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Hospitals urged to streamline system for identifying seriously ill patients

Almost 2,000 lives could be saved each year if all hospitals adopted the National Early Warning Score system for spotting which patients are seriously ill, says NHS England

Almost 2,000 lives could be saved each year if all hospitals adopted the same system for spotting which patients are seriously ill, officials say.

Hospitals across England have been urged to use a standardised system to identify acutely ill patients, including those with sepsis.

NHS England cited the example of air traffic control safety standards being the same across the world, and said the health service should be no different.

It is hoped that using a standardised warning system to spot seriously ill patients would mean nurses and doctors who move between trusts are using a consistent set of measures for diagnosing patients.

Based on key measures

The National Early Warning Score (NEWS) system, developed by the Royal College of Physicians, determines whether a patient needs care from a nurse, ward doctor or critical care team.

Patients are


Picture: iStock

Almost 2,000 lives could be saved each year if all hospitals adopted the same system for spotting which patients are seriously ill, officials say.

Hospitals across England have been urged to use a standardised system to identify acutely ill patients, including those with sepsis.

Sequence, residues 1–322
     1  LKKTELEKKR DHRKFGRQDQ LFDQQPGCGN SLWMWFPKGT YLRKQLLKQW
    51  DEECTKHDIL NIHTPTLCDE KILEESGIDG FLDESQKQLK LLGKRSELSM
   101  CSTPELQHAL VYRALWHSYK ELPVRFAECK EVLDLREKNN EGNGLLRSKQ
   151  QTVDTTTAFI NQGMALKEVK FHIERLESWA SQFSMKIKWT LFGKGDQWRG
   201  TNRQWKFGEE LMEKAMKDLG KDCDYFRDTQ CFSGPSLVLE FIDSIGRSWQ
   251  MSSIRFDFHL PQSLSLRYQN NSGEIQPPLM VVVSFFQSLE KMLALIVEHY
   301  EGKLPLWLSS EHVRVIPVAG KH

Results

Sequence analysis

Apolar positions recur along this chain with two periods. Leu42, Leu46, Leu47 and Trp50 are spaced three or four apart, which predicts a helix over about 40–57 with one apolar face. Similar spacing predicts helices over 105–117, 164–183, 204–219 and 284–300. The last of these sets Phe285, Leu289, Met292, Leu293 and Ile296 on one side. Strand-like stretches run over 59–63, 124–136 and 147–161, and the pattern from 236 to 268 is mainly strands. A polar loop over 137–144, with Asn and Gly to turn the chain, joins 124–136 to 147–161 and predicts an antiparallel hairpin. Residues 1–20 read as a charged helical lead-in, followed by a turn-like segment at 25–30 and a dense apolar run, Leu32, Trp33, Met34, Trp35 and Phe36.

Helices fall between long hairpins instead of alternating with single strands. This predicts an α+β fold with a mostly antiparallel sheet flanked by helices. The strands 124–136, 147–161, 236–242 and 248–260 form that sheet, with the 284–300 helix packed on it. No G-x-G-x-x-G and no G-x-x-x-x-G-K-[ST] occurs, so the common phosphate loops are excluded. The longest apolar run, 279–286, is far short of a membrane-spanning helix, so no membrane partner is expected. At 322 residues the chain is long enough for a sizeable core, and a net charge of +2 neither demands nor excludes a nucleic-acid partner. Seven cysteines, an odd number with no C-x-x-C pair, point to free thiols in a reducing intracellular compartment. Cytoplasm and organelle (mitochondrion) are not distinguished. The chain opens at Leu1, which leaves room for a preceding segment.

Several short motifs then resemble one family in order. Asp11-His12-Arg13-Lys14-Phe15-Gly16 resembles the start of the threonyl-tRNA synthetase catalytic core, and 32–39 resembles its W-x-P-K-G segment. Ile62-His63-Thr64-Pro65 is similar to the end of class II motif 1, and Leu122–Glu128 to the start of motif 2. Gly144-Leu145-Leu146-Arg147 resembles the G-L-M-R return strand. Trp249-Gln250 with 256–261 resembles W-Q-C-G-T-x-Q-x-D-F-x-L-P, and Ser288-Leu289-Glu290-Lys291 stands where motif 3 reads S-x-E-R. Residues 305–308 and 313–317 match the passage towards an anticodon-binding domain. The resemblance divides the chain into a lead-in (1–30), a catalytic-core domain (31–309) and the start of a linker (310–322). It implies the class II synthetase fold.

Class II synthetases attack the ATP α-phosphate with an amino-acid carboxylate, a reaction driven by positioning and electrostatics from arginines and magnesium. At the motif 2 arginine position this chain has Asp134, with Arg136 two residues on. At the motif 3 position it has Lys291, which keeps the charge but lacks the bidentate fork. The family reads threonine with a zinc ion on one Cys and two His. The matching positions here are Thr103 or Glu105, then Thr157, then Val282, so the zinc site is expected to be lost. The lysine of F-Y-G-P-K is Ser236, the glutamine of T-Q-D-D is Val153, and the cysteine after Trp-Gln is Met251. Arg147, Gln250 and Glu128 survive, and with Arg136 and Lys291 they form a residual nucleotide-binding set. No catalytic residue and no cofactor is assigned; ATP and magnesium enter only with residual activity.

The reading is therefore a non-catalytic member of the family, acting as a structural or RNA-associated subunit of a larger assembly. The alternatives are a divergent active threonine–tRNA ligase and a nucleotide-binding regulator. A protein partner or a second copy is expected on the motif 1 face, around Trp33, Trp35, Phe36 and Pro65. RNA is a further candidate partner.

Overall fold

NHS England cited the example of air traffic control safety standards being the same across the world, and said the health service should be no different.

It is hoped that using a standardised warning system to spot seriously ill patients would mean nurses and doctors who move between trusts are using a consistent set of measures for diagnosing patients.

Based on key measures

The National Early Warning Score (NEWS) system, developed by the Royal College of Physicians, determines whether a patient needs care from a nurse, ward doctor or critical care team.

Patients are given a score based on a series of key measures:

  • Breathing rate.
  • Pulse rate.
  • Blood pressure.
  • Temperature.
  • Level of consciousness.
  • Oxygen saturation.

Plotted on chart

The results are plotted on a NEWS chart, which gives a score for each measure. The combined number shows the level of clinical care needed and the risk of deterioration.

A low score of 1-4 results in an assessment by a registered nurse, a medium score of 5-6 prompts an urgent review by an acute clinician such as a ward-based doctor, and a high score of seven or more leads to an emergency assessment by a critical care team and the likely transfer of the patient to a high-dependency unit.

NHS England has urged every hospital and ambulance service to adopt the system by 2019. Only seven in 10 currently do so.

If every organisation used the system 2,000 lives and 627,000 bed days could be saved every year, NHS England estimates.

Warning signs missed

NHS England national medical director Sir Bruce Keogh said: 'Air traffic control systems around the world use common standards and language to prevent disasters and the NHS, with the safety of millions of patients every year at stake, should be no different.

'If staff move between hospitals and end up speaking at cross purposes, warning signs are missed and patient care can be compromised.

'I want to see every hospital in the country using the NEWS approach by 2019 as we continually strive to make sure the NHS delivers the highest standards of care possible.'

Royal College of Physicians' president Jane Dacre said: 'Over the next year NEWS will become the default early warning score for NHS Trusts and ambulances.

'Patients will benefit from its implementation, and staff will benefit from not having to learn a new score each time they join a new trust.'


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